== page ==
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Kidsafe Victoria e-news January 2015

January e-news

Welcome to the first edition of Kidsafe Victoria’s e-news for the year! 2014 was a big year for us in child injury prevention and it looks like 2015 will be even bigger. We will be continuing to spread safety messages through our various campaigns and programs, as well as keeping Victorian’s up to date with the latest safety information. To make sure you are always in the know, like us on Facebook and Twitter.

In this month’s e-news you will find some information on pool safety, travelling with children, some back to school tips and the latest product recalls. You can also read about how the City of Greater Geelong are helping to raise awareness as part of Kidsafe Victoria’s ‘Do Not Leave Children in Cars’ campaign.

City of Greater Geelong joins Kidsafe Victoria in ‘Do Not Leave Children in Cars’ Campaign

City of Greater Geelong joins Kidsafe Victoria in ‘Do Not Leave Children in Cars’ Campaign The City of Greater Geelong has joined Kidsafe Victoria’s campaign in a bid to raise awareness of the dangers and reduce the number of children being left unattended in cars.

In the last 12 months, paramedics were called to 1,165 incidents where children have been left unattended in cars. Within minutes, temperatures inside a parked car can reach 20-30 degrees hotter than the outside temperature, placing children at a high risk of becoming dehydrated and suffering from heat stroke, which can be fatal.

The installation of signs in local car parks is one element of Kidsafe Victoria’s overall campaign to raise awareness of the dangers of leaving children unattended in cars. To find out more on the campaign, or to order signs for your workplace/local council/early childhood or maternal and child health centre, please visit http://kidsafevic.com.au/road-safety/hot-cars/do-not-leave-children-in-cars-campaign.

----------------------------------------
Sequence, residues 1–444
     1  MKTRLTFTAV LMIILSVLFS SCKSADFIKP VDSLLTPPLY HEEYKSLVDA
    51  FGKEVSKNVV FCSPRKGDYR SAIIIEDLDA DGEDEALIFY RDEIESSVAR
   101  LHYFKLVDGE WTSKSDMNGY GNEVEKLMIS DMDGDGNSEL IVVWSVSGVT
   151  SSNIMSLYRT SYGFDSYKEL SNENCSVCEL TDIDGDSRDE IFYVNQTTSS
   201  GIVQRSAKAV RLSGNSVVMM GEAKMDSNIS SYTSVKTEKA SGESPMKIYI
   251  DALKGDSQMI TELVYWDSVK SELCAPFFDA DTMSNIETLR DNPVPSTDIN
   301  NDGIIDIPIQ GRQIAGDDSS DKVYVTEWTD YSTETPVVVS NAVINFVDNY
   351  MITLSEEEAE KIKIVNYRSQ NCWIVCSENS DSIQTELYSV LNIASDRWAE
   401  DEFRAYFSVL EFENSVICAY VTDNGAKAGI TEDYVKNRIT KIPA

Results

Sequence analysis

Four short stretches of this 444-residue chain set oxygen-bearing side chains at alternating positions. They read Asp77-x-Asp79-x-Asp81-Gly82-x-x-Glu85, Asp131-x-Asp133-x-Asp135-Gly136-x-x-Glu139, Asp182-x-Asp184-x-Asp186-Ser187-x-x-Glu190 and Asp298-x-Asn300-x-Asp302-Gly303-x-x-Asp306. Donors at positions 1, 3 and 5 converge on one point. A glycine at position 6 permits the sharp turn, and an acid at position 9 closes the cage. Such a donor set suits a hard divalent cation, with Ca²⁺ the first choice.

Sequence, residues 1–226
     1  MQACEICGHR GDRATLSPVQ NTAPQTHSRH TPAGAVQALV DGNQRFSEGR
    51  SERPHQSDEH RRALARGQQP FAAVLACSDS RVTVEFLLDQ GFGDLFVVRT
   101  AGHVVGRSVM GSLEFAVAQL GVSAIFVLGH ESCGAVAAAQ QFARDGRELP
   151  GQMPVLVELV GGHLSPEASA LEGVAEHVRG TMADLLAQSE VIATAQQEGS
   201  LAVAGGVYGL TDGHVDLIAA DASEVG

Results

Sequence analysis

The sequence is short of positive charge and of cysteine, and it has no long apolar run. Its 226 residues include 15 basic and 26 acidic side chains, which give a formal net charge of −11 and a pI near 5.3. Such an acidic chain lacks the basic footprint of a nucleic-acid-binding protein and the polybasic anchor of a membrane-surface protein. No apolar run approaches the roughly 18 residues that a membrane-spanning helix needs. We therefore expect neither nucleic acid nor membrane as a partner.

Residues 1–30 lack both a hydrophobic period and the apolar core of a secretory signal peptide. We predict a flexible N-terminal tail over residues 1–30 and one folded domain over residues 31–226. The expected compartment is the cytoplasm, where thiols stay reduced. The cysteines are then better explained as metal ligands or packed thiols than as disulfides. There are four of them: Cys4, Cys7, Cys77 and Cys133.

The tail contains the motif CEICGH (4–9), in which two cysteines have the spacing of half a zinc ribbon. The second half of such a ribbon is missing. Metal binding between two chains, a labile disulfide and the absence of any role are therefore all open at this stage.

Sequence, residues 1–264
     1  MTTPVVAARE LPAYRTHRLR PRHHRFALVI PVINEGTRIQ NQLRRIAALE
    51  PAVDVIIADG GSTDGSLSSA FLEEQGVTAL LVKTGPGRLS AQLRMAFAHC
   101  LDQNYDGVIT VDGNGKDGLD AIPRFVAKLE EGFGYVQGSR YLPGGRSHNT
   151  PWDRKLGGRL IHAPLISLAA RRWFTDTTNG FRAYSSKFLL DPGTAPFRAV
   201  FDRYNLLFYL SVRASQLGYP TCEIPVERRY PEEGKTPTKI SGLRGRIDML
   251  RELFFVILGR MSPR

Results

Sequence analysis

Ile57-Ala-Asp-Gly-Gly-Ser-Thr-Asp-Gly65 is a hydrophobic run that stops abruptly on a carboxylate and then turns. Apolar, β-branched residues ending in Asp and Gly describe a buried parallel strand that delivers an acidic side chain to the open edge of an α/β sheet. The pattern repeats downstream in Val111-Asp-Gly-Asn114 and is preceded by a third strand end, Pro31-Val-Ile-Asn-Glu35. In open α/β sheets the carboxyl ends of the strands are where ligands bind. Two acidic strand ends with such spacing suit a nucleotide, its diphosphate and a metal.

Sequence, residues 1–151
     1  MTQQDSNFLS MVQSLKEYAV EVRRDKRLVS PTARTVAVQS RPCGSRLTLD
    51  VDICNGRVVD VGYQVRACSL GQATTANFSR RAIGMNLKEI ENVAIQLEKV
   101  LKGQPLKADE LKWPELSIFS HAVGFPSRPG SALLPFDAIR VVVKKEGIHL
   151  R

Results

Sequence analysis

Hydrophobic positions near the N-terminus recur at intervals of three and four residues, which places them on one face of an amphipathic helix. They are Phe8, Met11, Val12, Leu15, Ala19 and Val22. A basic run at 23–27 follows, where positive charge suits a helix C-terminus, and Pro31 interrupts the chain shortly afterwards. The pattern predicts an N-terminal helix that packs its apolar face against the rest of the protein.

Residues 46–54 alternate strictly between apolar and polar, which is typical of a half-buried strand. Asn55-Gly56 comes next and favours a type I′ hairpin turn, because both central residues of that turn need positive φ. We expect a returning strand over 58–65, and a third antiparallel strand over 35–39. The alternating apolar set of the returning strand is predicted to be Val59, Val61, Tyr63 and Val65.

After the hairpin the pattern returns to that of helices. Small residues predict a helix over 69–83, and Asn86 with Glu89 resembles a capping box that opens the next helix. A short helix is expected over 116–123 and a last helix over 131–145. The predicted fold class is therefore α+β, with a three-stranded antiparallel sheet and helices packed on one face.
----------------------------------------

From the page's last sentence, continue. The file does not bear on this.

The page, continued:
Pool Fence Safety

Pool Fence Safety Pools can be great fun during summer, but they can also be dangerous, especially for young children. Did you know that backyard pools are the most common location for childhood drowning to occur? A large number of drowning incidents occur as the result of fencing that is faulty or is being used incorrectly.

With summer in full swing, it is a critical time for pool owners to check that their pool fence is functioning correctly. Key points to look out for include:

  • Fencing: any pool with a depth greater than 30cm is required to be fenced, including portable and inflatable pools.
  • Gates: are they self-closing and self-latching? Remember, never leave gates propped open.
  • Climbable objects: Are there any items such as chairs or eskies left near the pool that may allow a child to climb over the fence? If so they should be moved immediately.
  • First Aid: Do you know what to do in an emergency? Having an updated knowledge of CPR and First Aid can save a life.

Remember that the best way to prevent childhood drowning is through active, parental supervision. Never take your eyes off children around water and always keep toddlers within arm’s reach.